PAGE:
Poetic Perspectives: “Sour Grapes”

In our first edition of "Poetic Perspectives," Mikayah Parsons '24 pens a coming-of-age tale of queerness, grief, and growth.

In our first edition of "Poetic Perspectives," Mikayah Parsons '24 pens a coming-of-age tale of queerness, grief, and growth. Photo Courtesy of The Indian Express.

Salted watermelon danced across desperate tongues,
Above mud-caked Chucks and panting lungs.
Plastic chairs painted patterns across the backs of too-thick thighs.
Lingering sensation of limbs too close,
As toes curled in the sand, eyes observed the coast.

Fingers fit around bottlenecks, naturally so,
And beer caps littered the beach, unwilling to go.
Lips tasted like salt water–
A tear? A droplet of rain?
The memories of that summer blur in your brain.

The soft slide of ice cream melting from the cone.
Fears shared and tears shed over dying alone.
The memories of panicked screams echoing off the walls.
Nights spent stretched out on the bed or makeshift fort,
Star-speckled sky and drunk confessions of wanting more.

A glazed-over gaze on a set of tanned legs,
Muscles flexed by bespectacled boys who handled the kegs.
These boys carried with them confessions of a crush.
Clothes peeled off, abandoned by the lukewarm lake,
Underwater tangle of legs like fate.

The friction of mouths teasing out moans,
Parent-authorized curfews resulting in groans.  
The evolution of a kiss–
Once a feather-light touch, curious and young,
Now a dash of desire danced out by the tongue.

Palms pushed against chest and weight shifted with vibe,
The squeak of the bed and lovers trying to survive.
Morning spent with blankets in a heap on the floor.
Hands held together or brushing at sides,
The close of summer and the lowering of tides.

Glances exchanged at school behind separate hives,
A pulsating heart through a back stabbed by knives.
You didn’t know each other at school.
Giggles concealed in church while the pastor loomed near,
A pained conversation about publicity and fear.

A knock on the door and mother entered the room.
An issue of Women’s Health hurled at the broom.
Her hand rests on the handle, the other on a white basket.
She bends over and picks the magazine up.
“I’m grabbing your laundry.” She collects your stuff.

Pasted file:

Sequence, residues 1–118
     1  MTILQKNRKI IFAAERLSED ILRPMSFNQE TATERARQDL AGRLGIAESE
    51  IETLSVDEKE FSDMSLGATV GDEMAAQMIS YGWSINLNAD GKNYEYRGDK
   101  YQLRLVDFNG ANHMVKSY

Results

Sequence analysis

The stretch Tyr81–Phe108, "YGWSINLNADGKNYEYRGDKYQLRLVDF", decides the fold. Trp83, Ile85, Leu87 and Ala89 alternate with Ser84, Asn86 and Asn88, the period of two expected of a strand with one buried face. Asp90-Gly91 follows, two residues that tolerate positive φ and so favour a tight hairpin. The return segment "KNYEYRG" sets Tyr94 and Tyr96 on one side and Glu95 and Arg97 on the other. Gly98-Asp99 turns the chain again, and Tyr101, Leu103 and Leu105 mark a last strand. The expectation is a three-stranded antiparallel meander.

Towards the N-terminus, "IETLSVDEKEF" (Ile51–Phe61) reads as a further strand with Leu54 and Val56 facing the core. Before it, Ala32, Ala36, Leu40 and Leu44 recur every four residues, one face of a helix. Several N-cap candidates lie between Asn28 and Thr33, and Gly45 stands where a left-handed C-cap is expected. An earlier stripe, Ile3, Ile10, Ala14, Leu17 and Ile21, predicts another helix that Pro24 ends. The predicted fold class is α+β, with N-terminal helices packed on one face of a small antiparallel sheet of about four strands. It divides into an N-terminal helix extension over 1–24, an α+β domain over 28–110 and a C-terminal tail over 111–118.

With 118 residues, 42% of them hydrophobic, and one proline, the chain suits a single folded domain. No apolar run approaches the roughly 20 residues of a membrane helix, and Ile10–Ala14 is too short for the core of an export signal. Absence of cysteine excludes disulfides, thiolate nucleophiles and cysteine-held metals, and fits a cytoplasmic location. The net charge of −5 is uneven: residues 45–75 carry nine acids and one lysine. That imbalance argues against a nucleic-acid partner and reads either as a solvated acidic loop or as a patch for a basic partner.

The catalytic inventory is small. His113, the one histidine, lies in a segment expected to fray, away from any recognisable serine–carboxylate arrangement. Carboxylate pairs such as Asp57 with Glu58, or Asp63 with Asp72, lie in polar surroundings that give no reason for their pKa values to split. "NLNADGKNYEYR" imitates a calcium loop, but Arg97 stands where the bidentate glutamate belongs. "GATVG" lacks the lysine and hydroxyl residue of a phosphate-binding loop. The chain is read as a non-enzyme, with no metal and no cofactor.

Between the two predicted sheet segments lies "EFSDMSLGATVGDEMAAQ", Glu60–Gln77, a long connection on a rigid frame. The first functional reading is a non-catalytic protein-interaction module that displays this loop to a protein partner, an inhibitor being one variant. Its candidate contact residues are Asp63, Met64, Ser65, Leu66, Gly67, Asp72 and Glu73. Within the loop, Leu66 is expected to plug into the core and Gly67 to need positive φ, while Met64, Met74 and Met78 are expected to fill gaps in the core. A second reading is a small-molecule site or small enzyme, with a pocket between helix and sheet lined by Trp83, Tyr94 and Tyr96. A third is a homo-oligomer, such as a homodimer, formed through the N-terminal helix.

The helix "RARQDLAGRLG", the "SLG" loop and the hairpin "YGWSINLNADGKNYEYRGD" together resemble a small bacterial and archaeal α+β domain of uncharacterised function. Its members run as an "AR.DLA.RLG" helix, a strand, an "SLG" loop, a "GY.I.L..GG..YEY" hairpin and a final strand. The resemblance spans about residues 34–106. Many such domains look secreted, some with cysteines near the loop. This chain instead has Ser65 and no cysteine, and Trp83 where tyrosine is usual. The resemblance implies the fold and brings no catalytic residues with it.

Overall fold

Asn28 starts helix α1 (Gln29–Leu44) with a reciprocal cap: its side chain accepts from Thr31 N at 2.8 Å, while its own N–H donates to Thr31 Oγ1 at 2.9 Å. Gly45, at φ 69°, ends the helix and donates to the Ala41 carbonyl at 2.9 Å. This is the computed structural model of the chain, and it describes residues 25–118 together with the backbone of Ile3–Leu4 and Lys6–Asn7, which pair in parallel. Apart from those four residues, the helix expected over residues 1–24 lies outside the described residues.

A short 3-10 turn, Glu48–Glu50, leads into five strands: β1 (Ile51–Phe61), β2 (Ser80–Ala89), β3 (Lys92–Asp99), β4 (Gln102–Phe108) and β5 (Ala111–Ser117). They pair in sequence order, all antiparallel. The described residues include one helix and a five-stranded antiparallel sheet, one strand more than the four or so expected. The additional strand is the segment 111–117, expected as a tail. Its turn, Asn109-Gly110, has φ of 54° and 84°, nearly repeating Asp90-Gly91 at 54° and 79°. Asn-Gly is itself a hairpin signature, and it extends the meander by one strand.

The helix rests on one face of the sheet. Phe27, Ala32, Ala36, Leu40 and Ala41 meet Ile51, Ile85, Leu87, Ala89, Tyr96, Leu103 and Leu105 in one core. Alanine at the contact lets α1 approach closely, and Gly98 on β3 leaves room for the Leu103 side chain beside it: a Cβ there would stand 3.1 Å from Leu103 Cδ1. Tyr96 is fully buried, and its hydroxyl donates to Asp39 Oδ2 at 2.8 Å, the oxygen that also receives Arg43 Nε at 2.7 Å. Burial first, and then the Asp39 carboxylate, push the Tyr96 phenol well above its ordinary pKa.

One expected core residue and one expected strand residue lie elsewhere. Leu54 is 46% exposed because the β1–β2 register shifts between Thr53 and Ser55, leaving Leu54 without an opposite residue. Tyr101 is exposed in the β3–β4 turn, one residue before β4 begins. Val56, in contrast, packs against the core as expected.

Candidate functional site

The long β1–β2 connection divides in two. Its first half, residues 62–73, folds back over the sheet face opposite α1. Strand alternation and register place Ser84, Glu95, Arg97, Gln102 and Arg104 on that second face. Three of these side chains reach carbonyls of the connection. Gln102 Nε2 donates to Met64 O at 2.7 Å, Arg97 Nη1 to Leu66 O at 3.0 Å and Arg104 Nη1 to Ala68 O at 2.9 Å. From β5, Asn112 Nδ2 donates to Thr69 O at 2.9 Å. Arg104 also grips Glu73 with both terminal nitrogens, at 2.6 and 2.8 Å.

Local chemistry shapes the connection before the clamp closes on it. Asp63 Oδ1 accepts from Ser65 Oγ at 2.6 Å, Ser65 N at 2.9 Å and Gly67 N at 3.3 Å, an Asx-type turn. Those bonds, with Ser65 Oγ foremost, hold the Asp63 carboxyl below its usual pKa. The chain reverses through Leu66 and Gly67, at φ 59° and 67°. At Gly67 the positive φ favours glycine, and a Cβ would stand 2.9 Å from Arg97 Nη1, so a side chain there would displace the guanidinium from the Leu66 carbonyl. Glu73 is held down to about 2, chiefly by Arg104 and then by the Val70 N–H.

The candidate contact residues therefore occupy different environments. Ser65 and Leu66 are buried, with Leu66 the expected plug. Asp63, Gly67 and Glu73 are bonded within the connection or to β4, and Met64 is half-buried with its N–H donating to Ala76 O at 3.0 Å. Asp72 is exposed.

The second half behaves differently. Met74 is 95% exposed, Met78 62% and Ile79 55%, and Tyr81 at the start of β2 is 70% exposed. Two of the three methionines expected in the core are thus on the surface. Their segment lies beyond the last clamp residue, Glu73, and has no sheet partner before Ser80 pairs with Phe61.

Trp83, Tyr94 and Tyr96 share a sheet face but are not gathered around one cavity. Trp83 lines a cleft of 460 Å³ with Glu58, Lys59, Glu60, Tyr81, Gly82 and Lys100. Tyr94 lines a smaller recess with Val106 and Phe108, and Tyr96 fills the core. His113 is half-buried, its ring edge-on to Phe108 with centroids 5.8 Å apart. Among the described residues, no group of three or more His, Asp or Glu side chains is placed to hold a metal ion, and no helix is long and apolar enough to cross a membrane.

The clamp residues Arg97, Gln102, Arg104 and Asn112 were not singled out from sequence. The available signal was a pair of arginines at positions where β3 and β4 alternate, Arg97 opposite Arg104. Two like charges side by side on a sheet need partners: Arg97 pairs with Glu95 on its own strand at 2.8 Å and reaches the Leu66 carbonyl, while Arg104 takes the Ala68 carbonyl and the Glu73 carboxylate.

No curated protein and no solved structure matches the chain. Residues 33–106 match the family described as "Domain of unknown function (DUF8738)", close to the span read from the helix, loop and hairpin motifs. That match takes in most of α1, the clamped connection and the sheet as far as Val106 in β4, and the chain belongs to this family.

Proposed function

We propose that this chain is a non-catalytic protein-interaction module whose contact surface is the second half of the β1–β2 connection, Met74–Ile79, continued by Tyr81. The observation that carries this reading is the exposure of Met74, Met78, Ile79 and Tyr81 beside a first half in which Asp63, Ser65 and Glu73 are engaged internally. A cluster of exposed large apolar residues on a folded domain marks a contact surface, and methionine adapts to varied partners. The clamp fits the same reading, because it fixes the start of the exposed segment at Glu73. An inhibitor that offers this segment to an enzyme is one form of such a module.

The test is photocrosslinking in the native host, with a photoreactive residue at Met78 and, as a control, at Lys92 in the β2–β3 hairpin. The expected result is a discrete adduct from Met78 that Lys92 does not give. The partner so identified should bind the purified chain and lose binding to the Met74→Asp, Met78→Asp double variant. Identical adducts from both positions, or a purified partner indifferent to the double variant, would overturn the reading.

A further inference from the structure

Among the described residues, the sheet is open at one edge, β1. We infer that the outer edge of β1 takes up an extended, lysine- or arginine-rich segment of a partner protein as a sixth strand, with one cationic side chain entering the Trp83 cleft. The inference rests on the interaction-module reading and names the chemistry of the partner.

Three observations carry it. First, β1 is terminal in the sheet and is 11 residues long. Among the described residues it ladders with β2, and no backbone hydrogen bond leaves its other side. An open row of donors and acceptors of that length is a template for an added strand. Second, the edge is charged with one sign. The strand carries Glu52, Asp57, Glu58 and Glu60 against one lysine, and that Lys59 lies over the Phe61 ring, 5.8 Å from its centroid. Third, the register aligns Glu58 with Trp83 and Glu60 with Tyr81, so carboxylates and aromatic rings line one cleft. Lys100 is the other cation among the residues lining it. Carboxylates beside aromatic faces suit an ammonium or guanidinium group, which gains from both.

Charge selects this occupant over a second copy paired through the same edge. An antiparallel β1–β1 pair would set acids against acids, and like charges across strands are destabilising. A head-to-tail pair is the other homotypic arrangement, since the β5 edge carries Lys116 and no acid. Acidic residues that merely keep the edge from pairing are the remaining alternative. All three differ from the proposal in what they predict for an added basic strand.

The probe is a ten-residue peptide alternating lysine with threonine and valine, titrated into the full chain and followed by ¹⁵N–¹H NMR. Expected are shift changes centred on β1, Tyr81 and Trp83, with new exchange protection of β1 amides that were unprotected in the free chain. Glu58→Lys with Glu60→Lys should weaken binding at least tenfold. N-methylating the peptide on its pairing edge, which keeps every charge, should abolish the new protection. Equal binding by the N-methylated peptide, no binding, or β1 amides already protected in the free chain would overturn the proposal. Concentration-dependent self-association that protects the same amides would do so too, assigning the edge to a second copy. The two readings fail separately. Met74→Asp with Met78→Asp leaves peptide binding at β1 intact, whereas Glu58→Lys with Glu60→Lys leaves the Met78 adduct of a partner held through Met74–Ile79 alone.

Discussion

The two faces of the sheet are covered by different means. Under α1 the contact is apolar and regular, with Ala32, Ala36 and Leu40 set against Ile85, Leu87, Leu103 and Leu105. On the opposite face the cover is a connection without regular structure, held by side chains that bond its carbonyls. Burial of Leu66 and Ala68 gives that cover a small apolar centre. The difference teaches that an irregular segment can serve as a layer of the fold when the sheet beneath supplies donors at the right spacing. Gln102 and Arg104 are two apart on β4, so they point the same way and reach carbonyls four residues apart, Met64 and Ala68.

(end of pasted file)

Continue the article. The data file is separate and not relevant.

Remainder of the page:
Jerseys exchanged as girls in the locker room talk.
You’re on separate teams, and the loser’s team walks.
She raises her eyebrows and wishes you luck on the game.
Your eyes glance over a rib cage you once knew,
And you stare a moment too long as her eyes condemn you.

Part of you wishes you didn’t hate yourself so much,
The way your body still sizzles at the slightest touch.
You spike the ball angrily and hear her skull crack.
It’s the sound of her ass hitting the floor.
She points a finger at your chest and calls you a whore.

The anger you should feel is overshadowed by sorrow.  
The principal tells you you’re expelled from school tomorrow.
You try to remember where it all went wrong.
Principal Brown is lecturing you about anger in sports.
Your mother slaps your hand at your undignified snort.

The boy from the beach takes you for milkshakes that night.
He tells your mother he’s your tutor, and she squeals in delight.
Somewhere in the evening, he gets a little too eager.
He puts his hands in your curls and studies them a beat too long.
He tells you his parents are racist, and the moment is gone.

At graduation years later, she is the girl most known.
You study her from afar alongside pictures in your phone.
She and her boyfriend speak in hushed tones.
The camera around your neck is where you feel you belong.
It has a strap, so it doesn’t have to be strong.

She’s going miles away to a school out of state.
She’s leaving you in the closet to lie in wait.
You blame her for your chest–
For all this pain.
You place the camera around your neck and take pictures in vain.